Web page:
The World Bank said on Tuesday that it had lowered its projection for the 2014 global economic outlook. It said that while developing countries were likely to report \"disappointing growth,\" the economy of high-income countries was anticipated to gain momentum. The bank based in Washington, U.S., forecasts a 2.8% for the global economy in the current year as compared to January estimate of 3.2%.
According to the biannual publication – Global Economic Prospects report – the World Bank predicts that the first quarter weakness that was observed in 2014 has prevented economic activity from picking up as expected. Similarly, the unprecedented bad weather in the U.S., rebalancing in China, the Ukraine crisis, and a number of middle-income economies facing political strife have slowed down structural reform, the report further added.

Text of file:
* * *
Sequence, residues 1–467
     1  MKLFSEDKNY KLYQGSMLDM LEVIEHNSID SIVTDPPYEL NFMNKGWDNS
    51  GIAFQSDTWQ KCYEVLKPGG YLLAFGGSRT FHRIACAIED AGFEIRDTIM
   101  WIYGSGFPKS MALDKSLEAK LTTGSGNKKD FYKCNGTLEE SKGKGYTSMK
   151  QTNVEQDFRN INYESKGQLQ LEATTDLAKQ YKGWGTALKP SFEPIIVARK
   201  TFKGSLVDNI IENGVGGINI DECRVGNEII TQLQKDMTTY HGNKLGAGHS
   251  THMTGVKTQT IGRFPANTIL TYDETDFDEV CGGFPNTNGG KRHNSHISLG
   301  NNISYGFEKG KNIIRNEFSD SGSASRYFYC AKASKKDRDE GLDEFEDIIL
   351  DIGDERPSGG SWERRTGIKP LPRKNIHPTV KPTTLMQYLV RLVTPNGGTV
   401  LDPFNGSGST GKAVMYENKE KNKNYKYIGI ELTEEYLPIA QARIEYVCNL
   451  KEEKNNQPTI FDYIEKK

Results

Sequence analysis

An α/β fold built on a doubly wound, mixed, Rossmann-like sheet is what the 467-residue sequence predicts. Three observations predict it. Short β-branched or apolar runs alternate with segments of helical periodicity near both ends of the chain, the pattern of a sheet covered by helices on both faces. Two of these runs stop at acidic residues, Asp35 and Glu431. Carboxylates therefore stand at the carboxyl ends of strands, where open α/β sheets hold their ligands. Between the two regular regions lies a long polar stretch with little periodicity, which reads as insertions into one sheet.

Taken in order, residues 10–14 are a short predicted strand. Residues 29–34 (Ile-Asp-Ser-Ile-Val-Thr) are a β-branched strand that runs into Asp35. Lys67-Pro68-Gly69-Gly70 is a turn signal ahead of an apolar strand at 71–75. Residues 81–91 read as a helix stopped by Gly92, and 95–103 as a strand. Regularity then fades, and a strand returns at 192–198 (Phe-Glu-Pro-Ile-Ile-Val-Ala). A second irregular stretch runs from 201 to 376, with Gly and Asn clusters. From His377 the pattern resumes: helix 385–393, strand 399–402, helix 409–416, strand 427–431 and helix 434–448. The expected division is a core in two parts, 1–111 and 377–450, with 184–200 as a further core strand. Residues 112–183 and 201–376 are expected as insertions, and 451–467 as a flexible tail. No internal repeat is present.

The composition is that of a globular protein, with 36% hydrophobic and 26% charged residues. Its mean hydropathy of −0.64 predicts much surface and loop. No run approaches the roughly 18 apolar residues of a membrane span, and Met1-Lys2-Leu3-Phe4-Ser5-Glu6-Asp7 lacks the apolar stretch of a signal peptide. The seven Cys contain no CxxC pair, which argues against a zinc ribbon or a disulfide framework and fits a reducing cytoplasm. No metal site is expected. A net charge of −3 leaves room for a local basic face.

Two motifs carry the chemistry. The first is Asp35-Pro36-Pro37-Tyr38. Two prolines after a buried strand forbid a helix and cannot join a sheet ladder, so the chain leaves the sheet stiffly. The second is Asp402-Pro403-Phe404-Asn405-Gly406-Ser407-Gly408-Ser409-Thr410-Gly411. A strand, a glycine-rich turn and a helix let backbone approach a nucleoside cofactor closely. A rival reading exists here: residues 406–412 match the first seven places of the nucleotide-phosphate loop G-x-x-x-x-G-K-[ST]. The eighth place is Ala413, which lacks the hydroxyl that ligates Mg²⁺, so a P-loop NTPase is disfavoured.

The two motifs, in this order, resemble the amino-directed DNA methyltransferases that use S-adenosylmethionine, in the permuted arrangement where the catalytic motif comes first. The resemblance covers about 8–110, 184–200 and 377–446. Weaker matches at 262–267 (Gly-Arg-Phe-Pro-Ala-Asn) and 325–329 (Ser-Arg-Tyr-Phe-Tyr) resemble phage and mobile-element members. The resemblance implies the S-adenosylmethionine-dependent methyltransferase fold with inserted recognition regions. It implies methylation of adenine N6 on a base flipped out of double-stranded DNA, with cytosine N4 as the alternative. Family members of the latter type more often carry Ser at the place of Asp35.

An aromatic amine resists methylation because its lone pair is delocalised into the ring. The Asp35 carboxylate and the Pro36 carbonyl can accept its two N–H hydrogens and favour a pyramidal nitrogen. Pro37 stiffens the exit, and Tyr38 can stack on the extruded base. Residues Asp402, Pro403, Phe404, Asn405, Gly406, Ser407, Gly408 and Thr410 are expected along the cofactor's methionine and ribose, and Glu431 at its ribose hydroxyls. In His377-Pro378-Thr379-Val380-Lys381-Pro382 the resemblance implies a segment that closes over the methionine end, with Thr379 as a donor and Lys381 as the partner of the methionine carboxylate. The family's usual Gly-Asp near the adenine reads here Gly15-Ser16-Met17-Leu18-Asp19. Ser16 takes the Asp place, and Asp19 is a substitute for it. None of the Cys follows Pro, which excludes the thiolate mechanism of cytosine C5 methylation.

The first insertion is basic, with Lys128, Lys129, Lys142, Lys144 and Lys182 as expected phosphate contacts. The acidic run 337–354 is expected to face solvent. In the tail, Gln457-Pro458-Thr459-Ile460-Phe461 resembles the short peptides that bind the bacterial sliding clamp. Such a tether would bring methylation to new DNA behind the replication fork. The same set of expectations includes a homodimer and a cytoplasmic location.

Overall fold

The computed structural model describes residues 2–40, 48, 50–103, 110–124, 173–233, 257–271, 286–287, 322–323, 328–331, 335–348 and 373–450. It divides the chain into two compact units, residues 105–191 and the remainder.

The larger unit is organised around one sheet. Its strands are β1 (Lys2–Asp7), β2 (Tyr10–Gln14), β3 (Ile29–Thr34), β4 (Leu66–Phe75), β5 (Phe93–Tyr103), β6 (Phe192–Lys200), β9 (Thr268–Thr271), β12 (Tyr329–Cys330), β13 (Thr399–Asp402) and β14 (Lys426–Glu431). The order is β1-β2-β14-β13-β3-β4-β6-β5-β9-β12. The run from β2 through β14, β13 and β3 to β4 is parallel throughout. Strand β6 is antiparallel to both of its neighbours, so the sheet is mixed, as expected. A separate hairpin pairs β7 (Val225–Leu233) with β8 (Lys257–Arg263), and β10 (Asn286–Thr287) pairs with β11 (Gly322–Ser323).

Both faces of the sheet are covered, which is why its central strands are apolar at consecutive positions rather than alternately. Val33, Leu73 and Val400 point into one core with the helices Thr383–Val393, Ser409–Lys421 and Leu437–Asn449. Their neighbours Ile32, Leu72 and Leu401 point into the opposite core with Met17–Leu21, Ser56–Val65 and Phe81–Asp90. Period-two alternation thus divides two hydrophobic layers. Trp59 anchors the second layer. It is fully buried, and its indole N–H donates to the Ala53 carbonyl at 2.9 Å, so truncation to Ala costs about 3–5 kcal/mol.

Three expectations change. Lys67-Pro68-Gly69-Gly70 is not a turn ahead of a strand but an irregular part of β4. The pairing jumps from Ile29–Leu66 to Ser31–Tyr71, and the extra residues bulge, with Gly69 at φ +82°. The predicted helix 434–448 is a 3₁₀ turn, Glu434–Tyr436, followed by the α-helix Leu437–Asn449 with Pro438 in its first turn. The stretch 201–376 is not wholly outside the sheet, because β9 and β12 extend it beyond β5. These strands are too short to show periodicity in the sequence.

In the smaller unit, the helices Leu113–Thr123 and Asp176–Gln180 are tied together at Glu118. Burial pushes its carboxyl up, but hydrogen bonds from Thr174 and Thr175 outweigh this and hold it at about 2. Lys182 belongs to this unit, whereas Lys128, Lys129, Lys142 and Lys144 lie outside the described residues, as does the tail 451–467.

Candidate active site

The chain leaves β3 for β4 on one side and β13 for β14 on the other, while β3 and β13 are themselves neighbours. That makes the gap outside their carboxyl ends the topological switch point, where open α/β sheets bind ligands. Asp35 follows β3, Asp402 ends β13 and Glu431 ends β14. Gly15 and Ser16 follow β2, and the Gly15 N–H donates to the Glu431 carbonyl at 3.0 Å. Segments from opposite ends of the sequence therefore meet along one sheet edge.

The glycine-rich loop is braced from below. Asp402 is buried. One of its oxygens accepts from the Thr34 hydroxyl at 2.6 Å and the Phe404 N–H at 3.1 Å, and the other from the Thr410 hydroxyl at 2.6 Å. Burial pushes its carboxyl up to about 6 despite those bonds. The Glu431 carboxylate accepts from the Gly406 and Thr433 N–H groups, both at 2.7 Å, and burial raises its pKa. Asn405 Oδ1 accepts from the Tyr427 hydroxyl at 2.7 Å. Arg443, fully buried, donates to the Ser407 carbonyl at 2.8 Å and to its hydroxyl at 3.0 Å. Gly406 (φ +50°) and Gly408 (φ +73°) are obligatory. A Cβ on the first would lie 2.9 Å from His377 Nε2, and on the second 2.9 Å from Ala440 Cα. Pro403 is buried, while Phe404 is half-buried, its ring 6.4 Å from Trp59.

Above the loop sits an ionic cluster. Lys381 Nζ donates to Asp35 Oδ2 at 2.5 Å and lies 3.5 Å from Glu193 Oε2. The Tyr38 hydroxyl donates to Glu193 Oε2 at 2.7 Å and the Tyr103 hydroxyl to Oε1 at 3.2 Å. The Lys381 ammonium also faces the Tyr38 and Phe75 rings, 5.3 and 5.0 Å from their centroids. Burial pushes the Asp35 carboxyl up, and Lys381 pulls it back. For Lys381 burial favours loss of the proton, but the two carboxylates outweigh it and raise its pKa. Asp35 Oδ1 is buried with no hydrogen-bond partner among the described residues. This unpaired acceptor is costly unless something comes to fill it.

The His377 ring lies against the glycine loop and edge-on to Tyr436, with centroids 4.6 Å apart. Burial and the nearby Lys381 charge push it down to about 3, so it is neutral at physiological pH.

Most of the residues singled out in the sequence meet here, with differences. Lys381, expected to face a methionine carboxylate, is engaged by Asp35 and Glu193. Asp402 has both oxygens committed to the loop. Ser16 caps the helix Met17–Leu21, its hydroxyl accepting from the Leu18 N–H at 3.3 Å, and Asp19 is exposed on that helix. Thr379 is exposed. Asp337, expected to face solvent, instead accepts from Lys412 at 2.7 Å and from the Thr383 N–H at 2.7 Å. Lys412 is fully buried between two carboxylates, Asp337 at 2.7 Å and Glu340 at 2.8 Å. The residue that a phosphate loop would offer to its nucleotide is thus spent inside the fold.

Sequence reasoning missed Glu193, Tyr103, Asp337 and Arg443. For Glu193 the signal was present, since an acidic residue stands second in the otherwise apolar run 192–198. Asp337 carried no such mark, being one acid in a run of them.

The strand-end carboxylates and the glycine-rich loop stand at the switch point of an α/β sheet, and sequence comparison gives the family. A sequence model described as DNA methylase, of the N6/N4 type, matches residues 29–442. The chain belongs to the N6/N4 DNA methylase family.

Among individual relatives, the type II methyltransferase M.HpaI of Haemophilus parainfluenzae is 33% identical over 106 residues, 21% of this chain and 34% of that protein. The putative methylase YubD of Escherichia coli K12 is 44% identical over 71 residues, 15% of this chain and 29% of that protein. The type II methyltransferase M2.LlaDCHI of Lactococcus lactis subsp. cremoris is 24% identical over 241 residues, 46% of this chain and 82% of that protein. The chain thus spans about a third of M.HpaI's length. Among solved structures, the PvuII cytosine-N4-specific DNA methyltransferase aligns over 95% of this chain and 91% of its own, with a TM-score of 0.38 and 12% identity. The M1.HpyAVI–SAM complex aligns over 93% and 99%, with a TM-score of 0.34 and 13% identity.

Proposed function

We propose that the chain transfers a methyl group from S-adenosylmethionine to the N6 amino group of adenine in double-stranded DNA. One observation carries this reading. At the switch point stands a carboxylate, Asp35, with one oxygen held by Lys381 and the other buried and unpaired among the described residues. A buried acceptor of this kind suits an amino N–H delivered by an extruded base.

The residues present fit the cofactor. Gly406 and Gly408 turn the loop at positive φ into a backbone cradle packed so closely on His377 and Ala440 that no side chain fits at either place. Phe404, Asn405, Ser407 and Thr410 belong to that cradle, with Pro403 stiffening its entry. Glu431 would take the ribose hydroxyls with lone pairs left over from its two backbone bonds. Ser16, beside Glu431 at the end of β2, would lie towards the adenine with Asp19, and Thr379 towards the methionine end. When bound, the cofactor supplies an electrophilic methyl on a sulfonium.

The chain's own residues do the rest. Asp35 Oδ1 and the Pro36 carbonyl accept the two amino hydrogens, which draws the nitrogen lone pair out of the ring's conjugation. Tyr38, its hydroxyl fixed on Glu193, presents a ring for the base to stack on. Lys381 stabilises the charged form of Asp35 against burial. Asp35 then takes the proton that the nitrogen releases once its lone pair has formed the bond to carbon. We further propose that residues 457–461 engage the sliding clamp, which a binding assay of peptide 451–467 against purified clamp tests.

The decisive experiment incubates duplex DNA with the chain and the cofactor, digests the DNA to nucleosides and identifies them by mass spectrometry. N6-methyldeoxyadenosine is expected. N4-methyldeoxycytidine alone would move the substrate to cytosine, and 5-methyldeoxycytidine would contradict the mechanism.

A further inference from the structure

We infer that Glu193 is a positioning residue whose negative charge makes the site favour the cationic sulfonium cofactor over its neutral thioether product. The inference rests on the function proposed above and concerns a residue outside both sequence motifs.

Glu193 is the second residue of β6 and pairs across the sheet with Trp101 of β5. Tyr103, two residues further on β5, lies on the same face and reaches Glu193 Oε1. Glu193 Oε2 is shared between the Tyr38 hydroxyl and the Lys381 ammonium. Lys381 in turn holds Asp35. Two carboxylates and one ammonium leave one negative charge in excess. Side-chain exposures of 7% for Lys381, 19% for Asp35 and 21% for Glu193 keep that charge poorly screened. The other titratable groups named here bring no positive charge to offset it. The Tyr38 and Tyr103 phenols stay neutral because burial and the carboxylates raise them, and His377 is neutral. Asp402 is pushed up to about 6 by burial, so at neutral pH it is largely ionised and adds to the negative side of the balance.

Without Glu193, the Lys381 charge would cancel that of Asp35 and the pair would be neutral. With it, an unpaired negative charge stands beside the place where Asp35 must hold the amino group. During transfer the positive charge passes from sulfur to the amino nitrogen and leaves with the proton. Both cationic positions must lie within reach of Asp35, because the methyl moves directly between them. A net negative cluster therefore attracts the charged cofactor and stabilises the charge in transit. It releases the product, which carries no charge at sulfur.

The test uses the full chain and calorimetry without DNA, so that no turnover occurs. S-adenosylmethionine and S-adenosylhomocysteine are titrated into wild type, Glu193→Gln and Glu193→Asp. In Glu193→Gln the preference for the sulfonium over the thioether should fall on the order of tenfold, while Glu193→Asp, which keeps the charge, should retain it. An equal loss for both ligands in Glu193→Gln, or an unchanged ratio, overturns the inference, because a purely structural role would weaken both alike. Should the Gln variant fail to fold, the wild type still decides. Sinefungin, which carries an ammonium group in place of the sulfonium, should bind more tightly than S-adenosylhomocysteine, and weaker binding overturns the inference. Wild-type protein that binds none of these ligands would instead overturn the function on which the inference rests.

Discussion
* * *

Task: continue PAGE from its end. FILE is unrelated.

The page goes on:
In the backdrop of these changes, the World Bank has lowered its forecast for developing countries, bringing it down to 4.8% growth in 2014 (the estimate in January was 5.3%). This is the third year in a row that the World Bank has reported a sub 5% growth for middle-income, developing countries. The bank however forecasts that growth could pick up to reach 5.4% in 2015, and could rise a little further to 5.5% in 2016. According to the bank’s estimates, growth in China could be 7.6% in 2014, which marks a slight decline from its January estimates. Wordl Bank group president Jim Yong Kim said that growth rates showed by the developing world are still not enough to create the ideal number of jobs that would positively affect the economically backward 40% people in the world.